In the changed world economies post pandemic it is highly likely that the career options for most people will change quite substantially.
It is likely that the gig economy will grow; it is likely that the portfolio career will become more entrenched as a normal way of working for many; it is likely that people will need to change sectors within their portfolio; and it is likely that the human skills element – the soft skills, employability skills, the key or core skills – will play a consistent part of everyone’s resume.
For older generations this might seem a challenge; for younger folks it will be seen simply as the way it is.
But for everyone, young and old, it is important that our education and skills systems change and develop too – growing and morphing into flexible assessment and accreditation (as well as flexible and adaptable curricula) that match this portfolio approach to employment.
The skills bridge competency framework
We are already – today in November 2020 – seeing new curricula being developed which aim to support this new way of working. The concept of skills bridges which enable individuals to port from one occupation in a particular industry sector into a similar (but different) role in a completely different sector have been key innovations in the autumn of 2020.
These new qualifications take account of the human skills elements that people have and port these across (via the skills bridge competency framework) into the new role specification. Moreover, the qualification/curriculum then also ports the job specific skills which are common to both roles.
An example of this is someone who might be working in the hospitality sector (where jobs are currently extremely scarce) looking to bridge their next role into the care sector (where there are currently large numbers of vacant positions). In this case, the human skills (communications, team working, using initiative etc) are a given and also the common job specific skills (customer care, health and safety etc) are consistent in both roles. Accordingly, people wishing to pivot their careers from hospitality into care can be helped with a training programme which “assumes” those portable skills are already there and therefore it is just the role specific skills in the new role which require acquisition.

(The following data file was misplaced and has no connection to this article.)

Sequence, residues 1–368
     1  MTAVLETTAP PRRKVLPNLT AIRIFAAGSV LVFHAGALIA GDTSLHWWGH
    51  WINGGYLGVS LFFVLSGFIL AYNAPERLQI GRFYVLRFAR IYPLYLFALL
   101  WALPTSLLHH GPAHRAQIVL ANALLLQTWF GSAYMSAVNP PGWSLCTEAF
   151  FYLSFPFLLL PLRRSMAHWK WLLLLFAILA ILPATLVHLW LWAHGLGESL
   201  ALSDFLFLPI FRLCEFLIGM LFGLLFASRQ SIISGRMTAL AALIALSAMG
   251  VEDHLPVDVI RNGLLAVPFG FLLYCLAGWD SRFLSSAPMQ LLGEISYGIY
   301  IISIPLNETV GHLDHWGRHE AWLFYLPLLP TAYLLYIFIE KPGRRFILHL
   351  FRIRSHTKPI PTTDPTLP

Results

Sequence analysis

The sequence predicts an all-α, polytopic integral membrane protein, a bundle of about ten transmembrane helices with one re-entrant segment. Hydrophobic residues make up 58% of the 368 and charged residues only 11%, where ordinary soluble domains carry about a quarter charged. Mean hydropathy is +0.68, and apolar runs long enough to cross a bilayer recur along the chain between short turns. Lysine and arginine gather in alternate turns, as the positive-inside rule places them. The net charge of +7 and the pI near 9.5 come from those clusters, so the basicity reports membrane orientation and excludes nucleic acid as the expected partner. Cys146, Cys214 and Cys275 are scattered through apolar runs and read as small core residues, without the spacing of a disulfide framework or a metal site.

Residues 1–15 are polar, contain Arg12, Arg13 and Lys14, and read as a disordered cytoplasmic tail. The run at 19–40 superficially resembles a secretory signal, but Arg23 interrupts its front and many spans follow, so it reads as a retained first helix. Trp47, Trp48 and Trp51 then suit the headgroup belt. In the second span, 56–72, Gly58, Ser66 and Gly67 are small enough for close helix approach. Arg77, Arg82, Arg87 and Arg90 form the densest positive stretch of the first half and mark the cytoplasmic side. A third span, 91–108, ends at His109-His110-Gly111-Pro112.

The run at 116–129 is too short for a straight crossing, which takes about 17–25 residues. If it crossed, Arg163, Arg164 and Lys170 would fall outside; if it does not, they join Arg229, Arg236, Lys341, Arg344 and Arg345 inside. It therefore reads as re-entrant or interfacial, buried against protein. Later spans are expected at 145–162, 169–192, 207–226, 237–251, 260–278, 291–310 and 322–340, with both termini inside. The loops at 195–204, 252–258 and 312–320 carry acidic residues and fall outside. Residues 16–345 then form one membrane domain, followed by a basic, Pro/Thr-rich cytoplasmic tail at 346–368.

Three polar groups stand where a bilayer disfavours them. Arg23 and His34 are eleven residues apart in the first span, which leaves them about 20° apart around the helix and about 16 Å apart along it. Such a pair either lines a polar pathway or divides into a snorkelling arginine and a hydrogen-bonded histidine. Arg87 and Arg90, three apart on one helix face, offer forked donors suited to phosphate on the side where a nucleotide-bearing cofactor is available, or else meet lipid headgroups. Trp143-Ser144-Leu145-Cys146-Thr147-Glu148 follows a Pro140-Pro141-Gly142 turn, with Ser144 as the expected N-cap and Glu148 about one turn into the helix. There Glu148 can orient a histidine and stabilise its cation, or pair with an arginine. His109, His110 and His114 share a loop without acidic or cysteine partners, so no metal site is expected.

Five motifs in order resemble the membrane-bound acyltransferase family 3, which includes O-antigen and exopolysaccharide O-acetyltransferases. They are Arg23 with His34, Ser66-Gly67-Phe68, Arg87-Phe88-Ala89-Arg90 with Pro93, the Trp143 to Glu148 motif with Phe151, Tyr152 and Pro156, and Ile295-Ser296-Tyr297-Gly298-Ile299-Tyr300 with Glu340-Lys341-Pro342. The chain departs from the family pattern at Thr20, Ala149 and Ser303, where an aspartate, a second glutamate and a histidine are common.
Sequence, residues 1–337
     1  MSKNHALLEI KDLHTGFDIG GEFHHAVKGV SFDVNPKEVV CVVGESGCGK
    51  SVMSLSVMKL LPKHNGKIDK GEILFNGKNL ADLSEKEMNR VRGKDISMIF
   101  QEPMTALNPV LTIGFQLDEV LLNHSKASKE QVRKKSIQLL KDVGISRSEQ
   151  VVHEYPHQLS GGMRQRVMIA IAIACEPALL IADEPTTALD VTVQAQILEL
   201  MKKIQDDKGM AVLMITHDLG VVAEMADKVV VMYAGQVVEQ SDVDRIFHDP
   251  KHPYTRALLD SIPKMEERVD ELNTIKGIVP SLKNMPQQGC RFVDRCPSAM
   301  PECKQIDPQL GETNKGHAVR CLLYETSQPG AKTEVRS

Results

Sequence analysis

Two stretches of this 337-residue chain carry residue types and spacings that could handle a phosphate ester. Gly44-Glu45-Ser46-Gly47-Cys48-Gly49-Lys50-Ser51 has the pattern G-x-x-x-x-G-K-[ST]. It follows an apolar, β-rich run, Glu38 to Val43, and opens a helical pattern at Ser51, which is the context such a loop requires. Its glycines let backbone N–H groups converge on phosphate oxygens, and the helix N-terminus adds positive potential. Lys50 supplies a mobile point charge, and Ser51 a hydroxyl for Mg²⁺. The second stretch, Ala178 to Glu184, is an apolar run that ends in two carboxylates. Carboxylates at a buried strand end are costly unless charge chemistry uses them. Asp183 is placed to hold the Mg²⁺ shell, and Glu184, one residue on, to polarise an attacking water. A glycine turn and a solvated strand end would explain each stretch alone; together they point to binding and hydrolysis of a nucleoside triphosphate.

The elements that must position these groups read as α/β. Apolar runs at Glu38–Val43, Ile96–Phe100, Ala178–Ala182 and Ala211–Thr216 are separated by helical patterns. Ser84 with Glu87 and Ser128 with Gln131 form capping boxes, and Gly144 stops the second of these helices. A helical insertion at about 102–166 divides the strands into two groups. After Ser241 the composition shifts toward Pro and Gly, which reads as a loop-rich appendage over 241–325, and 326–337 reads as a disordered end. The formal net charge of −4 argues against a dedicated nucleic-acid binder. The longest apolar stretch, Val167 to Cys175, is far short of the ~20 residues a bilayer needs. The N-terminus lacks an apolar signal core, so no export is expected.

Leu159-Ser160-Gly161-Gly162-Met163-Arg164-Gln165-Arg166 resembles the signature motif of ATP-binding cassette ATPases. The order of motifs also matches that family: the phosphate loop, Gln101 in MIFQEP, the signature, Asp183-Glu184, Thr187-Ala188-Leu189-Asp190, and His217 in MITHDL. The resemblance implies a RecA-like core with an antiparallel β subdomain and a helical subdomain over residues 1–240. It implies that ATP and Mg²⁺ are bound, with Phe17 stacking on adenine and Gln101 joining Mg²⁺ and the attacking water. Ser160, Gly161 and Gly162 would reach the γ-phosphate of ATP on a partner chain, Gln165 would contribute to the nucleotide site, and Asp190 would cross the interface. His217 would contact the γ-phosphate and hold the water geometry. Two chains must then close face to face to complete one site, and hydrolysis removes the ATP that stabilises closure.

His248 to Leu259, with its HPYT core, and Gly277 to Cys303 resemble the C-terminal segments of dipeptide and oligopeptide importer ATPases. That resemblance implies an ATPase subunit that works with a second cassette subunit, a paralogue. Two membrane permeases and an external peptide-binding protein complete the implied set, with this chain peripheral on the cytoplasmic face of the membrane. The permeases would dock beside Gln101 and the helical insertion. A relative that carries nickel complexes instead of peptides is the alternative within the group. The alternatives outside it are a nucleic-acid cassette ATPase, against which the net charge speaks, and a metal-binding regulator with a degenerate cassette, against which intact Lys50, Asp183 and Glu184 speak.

There are a number of ways in which assessment and accreditation systems have developed in recent years to accommodate the recognition of existing skills in the workforce: most notably through the RPL (Recognition of Prior Learning) and diagnostic assessment methodologies.
In the example given above – i.e. the pivot from hospitality into care – the competencies required for a job in the care sector can be identified and then the existing skills (the ones identified above as portable: human and role specific) are also mapped out and the individual can then use either a diagnostic test and/or previous acceptable prior accreditations to minimise the number of new, additional competences they need to acquire in order to fully meet that new role specification. This means the time lag from switching from one job to another will be shortened and also means that the new skills/competences required can be personalised to the individual – in particular where detailed and accurate diagnostic assessments are used.
Creating these new skills bridges qualifications, curricula, competence based frameworks will be a key part of the transition from the old world of linear careers and enabling people to rapidly adapt their skills mix in order to facilitate these new portfolio careers.
Having the right sort of accreditation systems to support these developments – such as diagnostic assessments – will become increasingly commonplace in supporting these new innovations and the diagnostic assessments themselves will need to be innovative and be able to personalise the curriculum or skills training required.
Personalised Diagnostic Assessment
At EduGrowth we have developed a personalised diagnostic assessment tool which enables individuals to assess where their existing skills and experiences lie – in relation to a skills-based curriculum leading to pursuit of self-employment or starting a new business. By utilising that diagnostic assessment tool, participants on the EduGrowth programme can personalise their skills pathway and simply focus on those areas where they have skills and/or knowledge gaps and therefore customise their route to success.
An ever-changing portfolio career is here to stay. We need both curriculum and assessment systems to continue to develop and innovate in order to support the new needs of these continuously morphing career pathways. Some are already supporting these changes but our whole education and skills eco-system needs to become engaged. The alternative is unnecessary delay in upskilling our human resource pools (and delaying economic regeneration) and limiting opportunities for individuals (despite their existing rich skills capabilities) – this is a world we don’t want nor is it a world that we need to create.
Dick Palmer, Chairman, EduGrowth